You can ask many libertarians what makes a libertarian and you will get many different answers. But perhaps the most common answer is that you have to advocate the non-aggression principle (NAP) in order to qualify as a libertarian.
If I have ever said this in the past, I take it back. I don't really like this definition, even though I generally consider myself an advocate of the NAP (not to be confused with sleep). Ironically, I think there are many libertarians who will say they advocate the NAP, but really don't.
If you advocate the NAP, then this means you have to be an anarchist or panarchist. I suppose you could also be a minarchist if you also advocate that tax collections can only be strictly voluntary. Otherwise, you are technically violating the NAP.
If you believe the only function of government should be for police and the courts, then you are still violating the NAP if people are forced to pay for those things.
For this reason, I do not disqualify someone as a libertarian if he doesn't fully hold to the NAP. I am not going to eliminate someone like Ron Paul from being categorized as a libertarian.
Lew Rockwell recently posted a piece written by Murray Rothbard in 1977. Rothbard was a self-described anarchist, but he did not believe you had to be an anarchist to be a libertarian. He just believed you had to be a "radical in the sense of a deep commitment to the spirit of liberty and anti-statism."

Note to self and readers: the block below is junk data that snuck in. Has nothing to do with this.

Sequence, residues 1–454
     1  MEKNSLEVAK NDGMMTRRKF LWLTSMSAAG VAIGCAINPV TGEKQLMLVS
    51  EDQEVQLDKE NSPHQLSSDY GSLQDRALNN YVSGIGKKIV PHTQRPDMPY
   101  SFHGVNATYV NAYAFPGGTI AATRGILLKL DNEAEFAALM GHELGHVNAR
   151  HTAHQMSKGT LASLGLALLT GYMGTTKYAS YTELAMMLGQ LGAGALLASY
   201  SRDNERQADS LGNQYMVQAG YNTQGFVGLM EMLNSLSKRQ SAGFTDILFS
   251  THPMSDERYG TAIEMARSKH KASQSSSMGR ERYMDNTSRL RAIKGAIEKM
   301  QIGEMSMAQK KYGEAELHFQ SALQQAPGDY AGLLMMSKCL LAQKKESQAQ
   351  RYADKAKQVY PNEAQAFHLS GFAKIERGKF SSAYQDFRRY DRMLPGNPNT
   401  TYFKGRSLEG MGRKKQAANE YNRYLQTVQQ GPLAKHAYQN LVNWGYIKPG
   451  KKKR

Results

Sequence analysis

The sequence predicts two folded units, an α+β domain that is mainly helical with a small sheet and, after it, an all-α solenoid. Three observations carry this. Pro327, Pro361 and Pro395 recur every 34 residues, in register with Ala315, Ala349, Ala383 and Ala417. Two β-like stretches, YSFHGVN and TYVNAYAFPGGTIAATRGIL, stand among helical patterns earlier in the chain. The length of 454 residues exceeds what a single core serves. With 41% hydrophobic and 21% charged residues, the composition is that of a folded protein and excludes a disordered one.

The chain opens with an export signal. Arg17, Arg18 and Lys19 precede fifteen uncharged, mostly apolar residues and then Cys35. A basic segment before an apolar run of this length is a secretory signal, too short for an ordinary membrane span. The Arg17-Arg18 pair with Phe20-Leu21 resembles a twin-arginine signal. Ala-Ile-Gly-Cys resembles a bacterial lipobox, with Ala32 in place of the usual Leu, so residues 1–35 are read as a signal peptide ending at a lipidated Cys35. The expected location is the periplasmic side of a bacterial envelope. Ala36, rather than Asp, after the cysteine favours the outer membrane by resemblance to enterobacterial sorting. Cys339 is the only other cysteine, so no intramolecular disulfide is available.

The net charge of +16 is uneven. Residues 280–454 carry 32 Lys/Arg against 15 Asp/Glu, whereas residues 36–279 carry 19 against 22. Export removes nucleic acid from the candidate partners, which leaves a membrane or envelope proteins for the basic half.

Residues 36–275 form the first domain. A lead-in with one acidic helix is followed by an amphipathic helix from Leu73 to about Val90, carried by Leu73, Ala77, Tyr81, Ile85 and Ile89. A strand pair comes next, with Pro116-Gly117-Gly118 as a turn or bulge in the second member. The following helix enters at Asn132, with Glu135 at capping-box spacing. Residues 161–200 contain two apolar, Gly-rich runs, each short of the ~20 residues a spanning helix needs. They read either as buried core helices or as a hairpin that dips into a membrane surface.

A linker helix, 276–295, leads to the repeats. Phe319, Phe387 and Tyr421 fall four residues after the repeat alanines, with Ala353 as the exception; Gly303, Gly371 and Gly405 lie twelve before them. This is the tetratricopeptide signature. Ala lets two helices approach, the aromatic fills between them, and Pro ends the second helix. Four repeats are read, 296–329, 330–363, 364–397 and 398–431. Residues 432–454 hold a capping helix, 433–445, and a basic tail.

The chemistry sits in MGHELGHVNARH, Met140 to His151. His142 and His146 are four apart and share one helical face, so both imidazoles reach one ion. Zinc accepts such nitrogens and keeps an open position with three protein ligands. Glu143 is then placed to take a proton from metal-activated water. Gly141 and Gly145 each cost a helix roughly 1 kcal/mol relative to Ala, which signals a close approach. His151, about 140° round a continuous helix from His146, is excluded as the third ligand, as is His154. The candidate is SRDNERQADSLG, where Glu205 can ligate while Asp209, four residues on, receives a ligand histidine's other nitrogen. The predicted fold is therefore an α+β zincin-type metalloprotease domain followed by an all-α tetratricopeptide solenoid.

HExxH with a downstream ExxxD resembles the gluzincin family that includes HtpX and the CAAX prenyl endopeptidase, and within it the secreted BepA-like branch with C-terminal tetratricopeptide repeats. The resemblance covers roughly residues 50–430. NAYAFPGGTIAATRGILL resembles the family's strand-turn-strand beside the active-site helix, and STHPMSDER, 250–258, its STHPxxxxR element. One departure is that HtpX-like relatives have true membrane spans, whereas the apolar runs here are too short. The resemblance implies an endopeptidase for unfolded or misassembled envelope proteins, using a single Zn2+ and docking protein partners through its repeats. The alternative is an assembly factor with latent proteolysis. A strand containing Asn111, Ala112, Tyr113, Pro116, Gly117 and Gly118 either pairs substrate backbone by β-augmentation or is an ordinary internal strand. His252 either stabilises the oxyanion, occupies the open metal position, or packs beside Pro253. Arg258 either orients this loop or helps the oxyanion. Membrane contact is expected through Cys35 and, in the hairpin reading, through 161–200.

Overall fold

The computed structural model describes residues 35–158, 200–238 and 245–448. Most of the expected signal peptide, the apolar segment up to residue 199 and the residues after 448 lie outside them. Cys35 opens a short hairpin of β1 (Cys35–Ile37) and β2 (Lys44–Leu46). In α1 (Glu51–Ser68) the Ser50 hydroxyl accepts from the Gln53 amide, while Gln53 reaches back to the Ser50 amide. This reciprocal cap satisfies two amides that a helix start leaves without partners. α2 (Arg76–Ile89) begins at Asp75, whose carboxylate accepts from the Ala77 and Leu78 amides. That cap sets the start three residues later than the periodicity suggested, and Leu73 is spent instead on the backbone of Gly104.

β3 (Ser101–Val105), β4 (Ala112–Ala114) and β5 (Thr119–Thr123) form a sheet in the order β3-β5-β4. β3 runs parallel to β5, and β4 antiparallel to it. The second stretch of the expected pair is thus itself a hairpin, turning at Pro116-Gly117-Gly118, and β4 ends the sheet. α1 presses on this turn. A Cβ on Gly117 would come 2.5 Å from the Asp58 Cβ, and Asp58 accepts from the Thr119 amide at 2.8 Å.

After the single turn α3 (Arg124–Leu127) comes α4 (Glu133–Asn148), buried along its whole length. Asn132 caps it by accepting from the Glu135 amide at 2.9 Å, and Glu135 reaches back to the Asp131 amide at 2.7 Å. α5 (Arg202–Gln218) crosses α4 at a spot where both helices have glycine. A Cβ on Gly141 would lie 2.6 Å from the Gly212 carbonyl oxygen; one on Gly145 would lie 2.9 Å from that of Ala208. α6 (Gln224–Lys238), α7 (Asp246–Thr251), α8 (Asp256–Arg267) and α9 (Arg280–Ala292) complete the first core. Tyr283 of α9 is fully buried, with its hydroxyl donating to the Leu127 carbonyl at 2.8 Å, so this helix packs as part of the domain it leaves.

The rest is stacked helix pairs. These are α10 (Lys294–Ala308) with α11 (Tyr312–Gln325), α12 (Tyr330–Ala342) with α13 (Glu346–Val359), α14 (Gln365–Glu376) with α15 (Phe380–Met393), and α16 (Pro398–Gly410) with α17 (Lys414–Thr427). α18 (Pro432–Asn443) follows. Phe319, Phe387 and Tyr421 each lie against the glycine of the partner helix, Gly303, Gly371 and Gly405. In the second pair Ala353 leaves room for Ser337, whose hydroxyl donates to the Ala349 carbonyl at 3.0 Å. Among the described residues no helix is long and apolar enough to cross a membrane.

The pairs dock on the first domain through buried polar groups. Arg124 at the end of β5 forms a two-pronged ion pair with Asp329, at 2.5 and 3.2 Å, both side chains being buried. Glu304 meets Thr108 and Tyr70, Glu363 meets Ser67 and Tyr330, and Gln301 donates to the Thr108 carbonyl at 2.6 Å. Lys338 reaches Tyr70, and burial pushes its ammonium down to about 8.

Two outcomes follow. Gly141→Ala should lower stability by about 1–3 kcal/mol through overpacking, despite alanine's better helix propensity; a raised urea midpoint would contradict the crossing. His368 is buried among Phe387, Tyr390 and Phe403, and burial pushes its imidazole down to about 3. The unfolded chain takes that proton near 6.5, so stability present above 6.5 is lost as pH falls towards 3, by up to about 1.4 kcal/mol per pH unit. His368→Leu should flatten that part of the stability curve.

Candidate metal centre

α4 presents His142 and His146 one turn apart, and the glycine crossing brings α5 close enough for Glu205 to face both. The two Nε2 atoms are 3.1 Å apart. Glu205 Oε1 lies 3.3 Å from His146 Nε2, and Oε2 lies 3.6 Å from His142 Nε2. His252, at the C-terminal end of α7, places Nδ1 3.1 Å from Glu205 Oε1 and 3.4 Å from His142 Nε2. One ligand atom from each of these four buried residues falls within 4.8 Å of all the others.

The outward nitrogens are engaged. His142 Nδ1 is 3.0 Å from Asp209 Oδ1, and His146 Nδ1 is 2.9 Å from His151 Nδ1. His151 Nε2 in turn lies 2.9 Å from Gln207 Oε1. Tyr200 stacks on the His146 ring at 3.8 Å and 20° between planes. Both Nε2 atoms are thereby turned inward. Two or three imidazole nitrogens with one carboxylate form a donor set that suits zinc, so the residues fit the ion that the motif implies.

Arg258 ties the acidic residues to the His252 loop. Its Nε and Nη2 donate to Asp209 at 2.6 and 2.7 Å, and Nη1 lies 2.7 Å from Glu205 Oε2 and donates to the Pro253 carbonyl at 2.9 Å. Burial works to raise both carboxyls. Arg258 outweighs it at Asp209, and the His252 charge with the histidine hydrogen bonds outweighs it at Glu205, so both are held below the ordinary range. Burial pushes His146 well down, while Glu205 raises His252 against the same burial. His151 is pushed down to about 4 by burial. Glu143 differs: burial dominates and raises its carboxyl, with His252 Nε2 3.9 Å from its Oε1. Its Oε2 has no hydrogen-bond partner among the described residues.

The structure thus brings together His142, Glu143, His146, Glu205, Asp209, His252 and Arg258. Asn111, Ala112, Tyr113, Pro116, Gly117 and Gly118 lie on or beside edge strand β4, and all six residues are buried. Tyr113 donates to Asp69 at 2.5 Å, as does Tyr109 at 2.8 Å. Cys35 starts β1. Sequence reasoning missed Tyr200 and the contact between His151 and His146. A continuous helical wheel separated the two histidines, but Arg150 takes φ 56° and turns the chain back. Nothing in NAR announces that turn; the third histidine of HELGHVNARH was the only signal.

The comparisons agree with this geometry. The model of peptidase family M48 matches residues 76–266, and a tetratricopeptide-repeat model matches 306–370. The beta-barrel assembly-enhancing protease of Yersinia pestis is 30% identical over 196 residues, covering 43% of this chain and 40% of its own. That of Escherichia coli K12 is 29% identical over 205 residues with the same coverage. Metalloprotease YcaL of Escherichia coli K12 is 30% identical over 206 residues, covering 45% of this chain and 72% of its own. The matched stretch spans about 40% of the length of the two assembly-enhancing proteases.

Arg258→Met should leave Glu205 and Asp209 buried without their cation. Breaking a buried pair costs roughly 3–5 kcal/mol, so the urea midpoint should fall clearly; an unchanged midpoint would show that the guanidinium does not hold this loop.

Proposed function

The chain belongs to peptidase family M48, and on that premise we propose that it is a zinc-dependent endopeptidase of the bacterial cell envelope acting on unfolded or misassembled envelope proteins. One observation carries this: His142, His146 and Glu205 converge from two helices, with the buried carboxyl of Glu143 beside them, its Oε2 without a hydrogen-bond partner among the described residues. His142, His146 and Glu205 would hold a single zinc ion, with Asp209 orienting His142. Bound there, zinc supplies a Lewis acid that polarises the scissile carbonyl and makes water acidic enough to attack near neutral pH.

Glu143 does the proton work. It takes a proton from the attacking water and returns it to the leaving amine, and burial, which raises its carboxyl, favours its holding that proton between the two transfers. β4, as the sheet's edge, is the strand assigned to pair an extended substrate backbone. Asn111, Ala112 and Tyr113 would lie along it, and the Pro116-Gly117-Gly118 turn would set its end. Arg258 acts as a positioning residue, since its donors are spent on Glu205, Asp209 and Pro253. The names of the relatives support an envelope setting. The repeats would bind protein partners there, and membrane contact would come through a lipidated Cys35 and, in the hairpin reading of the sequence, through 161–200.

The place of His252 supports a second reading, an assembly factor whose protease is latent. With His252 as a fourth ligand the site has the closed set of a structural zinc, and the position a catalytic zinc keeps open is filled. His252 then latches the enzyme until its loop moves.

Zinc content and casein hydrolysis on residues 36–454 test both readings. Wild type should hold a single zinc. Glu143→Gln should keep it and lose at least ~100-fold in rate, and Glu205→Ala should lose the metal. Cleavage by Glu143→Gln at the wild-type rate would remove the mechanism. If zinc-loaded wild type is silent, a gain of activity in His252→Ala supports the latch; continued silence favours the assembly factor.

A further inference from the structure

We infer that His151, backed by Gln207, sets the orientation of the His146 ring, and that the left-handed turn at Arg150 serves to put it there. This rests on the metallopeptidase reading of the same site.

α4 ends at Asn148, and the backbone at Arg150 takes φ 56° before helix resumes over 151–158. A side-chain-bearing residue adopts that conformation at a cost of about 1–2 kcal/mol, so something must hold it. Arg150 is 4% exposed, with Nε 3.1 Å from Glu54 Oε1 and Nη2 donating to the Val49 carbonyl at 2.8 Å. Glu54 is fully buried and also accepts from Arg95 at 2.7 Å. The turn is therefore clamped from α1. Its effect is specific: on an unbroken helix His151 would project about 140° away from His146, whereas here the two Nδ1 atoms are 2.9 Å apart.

I basically agree with Rothbard's reasoning and his definitions. I look for people who are principled and consistently opposed to government solutions. If someone believes in a government court system but opposes every other piece of the state, I am certainly not going to shun this person away as a non libertarian.
Defining a libertarian is not easy. It is highly subjective and everyone has their differing viewpoints. I can't say that I have my own special litmus test for what makes someone a libertarian. I certainly have my litmus tests for someone not being a libertarian.
There are way too many people today who call themselves libertarians, but whom I would not classify as such. You need to be a radical. You need to want drastically reduced government. You need to demand radical solutions that do not involve state action in any way.
I like the Libertarian Party's pledge. Anyone who truly believes in this pledge is probably a libertarian. Unfortunately, many people sign it who don't really believe it.
But I have concluded that you can still violate the NAP and be a libertarian.